Assessment of naturally acquired neutralizing antibodies against rabies Lyssavirus in a subset of Nunavik's Inuit population considered most at risk of being exposed to rabid animals.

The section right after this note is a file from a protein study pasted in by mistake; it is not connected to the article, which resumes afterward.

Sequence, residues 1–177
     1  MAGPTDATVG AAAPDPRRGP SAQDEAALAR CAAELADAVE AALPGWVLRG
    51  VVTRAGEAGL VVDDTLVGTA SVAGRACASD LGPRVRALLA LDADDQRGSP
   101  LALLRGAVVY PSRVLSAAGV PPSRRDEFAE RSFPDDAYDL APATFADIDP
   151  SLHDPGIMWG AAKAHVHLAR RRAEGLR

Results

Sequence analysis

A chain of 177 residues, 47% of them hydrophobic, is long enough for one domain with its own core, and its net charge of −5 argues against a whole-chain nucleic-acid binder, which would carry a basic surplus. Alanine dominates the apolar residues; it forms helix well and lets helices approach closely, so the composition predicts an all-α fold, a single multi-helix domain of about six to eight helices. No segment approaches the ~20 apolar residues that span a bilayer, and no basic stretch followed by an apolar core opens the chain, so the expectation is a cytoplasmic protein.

Contact with infected saliva through the bite of a rabid animal is the main route of infection with the rabies Lyssavirus in humans. Although a few individuals have survived the infection, rabies remains the most lethal zoonotic infection worldwide. Over the last century, the dogma that rabies is invariably fatal has been challenged by the survival and recovery of infected animals. In humans, 11 studies have found rabies virus-specific antibodies in unvaccinated individuals exposed to rabies virus reservoir species, suggesting the possibility of asymptomatic rabies virus infection, contact with non-infectious virus or exposure to the virus without viral replication. Two of these studies were conducted in Arctic hunters. Considering the extensive exposure of Nunavik's Inuit to potentially infected animals through hunting, trapping, skinning and the preparation of Arctic carnivores, we analysed archived serum samples from the 2004 Nunavik Inuit Health Survey for the presence of rabies virus-neutralizing antibodies (rVNA) in this sub-population. A total of 196 participants who were considered at highest risk for exposure to rabies virus were targeted. Serum samples were tested for the presence of rVNA using a variation of the fluorescent antibody virus neutralization test, an assay recommended for the quantification of neutralizing antibody titres following vaccination. Our study identified two seropositive individuals among the 196 participants but a review of their medical record and a phone interview revealed previous vaccination. Our results do not provide evidence for naturally acquired rVNA in Nunavik's Inuit population.